The Film: Leviatahan
The Principles: Peter Weller, Richard Crenna, Amanda Pays, Daniel Stern, Ernie Hudson
The Premise: A massive craft, futuristic, isolated and sterile, is filled with a rag-tag group of blue-collar workers. A multinational corporation funds their mission. Just days before they are due to go home, the crew discovers a sinister (perhaps even otherworldly) presence on their craft. Gore happens. Crew members are whittled down. The company does everything it can to screw over our heroes. Peter Weller does heroic stuff and manages to outsmart the company and the monster. Then he punches a woman full on in the face to close out the final shots. I kid you not. [Does the premise feel familiar at all, minus the woman punching?]
Is It Good?: Tough call, but ultimately no, this is not a good film. Which isn’t to say that I didn’t kind of love every minute of it. Because I did. It is just that Leviathan is aggressively aping better science fiction and horror films that came before it. And when I say aggressively I mean, just read the premise above!
The set up is so fundamentally identical to the set up of Alien that I genuinely wonder if lawsuits ever happened. However, once act two kicks in, Leviathan begins to become John Carpenter’s The Thing. Which, now that I think about it, doesn’t have all that different of a set up than Alien either!
By act three, when Macready Peter Weller, picks up his flame thrower to hunt down the freakish and twisted aquatic abomination that has formed from the melded-together bodies of his friends, I had pretty much settled in to Leviathan being a low rent Alien/The Thing knockoff that I was highly enjoying. BUT, the movie veers dramatically into Jaws territory with its final action set piece. Peter Weller might as well have shouted “Smile you son of a bitch” while delivering the death blow to our film’s water monster.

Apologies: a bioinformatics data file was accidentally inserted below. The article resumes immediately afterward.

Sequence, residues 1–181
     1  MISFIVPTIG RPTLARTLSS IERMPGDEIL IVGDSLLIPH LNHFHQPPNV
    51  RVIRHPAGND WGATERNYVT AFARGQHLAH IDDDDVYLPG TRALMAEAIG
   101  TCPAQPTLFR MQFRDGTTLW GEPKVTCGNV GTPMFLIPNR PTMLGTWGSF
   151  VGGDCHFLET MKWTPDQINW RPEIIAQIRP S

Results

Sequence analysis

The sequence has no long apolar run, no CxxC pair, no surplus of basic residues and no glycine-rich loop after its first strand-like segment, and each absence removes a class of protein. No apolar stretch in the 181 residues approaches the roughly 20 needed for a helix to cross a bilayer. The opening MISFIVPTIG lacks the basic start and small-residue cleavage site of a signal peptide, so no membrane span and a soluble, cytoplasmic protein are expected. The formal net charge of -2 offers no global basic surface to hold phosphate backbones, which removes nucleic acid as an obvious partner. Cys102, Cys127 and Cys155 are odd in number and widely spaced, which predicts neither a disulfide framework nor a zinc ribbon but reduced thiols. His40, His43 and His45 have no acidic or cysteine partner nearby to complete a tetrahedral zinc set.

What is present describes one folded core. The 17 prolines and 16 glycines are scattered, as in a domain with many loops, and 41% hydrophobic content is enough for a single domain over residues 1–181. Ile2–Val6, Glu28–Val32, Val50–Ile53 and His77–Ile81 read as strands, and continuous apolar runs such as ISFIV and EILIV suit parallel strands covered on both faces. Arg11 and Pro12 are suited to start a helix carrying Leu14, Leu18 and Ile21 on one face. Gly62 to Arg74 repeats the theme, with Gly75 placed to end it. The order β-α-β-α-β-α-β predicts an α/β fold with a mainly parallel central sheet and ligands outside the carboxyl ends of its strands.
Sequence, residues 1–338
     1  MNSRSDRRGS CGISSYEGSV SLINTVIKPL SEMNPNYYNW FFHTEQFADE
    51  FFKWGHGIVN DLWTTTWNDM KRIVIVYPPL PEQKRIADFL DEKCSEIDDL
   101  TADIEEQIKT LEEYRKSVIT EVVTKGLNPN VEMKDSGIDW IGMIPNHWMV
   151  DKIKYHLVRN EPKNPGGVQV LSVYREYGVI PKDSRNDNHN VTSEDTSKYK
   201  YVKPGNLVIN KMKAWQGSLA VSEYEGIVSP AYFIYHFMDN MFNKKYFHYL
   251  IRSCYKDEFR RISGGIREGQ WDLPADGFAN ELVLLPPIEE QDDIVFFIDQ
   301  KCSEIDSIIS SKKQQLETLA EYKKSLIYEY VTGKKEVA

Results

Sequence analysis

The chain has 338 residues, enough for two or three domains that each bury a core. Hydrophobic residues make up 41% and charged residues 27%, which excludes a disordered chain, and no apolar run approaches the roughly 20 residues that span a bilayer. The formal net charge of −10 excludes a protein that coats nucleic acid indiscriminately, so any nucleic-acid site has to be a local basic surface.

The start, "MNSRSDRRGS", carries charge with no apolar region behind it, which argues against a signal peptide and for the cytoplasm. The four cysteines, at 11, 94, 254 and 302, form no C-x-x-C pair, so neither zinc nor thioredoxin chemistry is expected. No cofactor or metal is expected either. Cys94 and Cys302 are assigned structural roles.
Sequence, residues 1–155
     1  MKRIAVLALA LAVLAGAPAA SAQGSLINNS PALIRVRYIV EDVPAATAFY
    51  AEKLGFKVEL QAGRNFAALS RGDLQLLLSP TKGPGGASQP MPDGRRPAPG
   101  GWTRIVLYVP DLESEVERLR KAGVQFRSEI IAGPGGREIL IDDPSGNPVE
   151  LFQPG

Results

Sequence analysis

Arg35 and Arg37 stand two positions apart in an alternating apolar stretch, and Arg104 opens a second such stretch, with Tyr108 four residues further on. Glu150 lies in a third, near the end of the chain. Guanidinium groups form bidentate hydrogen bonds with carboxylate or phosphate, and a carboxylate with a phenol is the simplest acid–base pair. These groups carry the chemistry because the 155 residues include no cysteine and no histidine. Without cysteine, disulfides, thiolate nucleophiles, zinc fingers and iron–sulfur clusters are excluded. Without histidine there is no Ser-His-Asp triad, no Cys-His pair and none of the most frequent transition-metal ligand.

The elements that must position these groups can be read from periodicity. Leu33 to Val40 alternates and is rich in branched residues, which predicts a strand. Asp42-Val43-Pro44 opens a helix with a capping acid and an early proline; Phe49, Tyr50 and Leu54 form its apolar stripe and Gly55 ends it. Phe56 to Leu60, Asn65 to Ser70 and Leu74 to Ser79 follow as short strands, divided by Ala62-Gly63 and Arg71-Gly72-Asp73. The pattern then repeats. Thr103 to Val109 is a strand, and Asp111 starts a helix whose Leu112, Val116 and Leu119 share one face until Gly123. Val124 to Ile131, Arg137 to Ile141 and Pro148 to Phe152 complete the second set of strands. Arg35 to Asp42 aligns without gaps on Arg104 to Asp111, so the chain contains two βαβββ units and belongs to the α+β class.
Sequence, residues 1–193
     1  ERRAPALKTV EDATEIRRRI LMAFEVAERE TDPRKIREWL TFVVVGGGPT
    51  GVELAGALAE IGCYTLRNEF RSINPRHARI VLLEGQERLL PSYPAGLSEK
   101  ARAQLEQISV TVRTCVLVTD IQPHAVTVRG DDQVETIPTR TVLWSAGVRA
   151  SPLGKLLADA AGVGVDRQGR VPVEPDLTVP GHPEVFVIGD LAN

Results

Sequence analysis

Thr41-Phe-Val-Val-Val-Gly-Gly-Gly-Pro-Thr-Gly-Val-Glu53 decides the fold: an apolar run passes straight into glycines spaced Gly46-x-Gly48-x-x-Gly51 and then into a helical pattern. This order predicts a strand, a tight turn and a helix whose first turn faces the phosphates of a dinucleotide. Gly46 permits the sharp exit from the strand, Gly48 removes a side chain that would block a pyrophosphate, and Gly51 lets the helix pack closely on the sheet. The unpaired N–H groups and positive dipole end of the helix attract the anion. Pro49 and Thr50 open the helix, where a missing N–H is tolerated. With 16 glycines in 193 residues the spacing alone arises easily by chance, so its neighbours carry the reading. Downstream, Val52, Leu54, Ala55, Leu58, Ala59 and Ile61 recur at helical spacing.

So, while Leviathan is an unabashed cash-in on better films that came before it, there is a certain joy that comes from seeing a movie like Leviathan here in 2012. The model work, production design, and practical creature effects are things of beauty (mostly) that just aren’t done in a mid to low budget film these days.
Is It Worth A Look?: No question, this is a fun blast of 1980s cheese that will provide more grins than groans. George P. Cosmatos had a pretty awesome run as a director in the 1980s, with Rambo II, Cobra, Leviathan, and Tombstone all under his direction, and in that chronological order no less! And apparently Stan Winston and his workshop generated the look of the monster for the film and the dive suits as well. Plus, look at that cast! Isn’t it awesome to realize that there was a time and place when Peter Weller, Richard Crenna, and Daniel Stern could headline a film? I love it. So there is some fabulous 1980s pedigree that is injected into Leviathan which should not be ignored just because the movie is derivative as hell.
Random Anecdote: The female lead in Leviathan looked and sounded so blasted familiar that I found myself aggravated and had to figure out where I knew her from. My brain came through before I needed to resort to IMDB and that’s right folks, Amanda Pays (who plays Elizabeth “Willie” Williams in Leviathan) was none other than the lead actress in the early ‘90s TV series The Flash!
Cinematic Soulmates: The aforementioned Alien, The Thing, and Jaws, any of the three of which Leviathan isn’t even a hair on the ass of.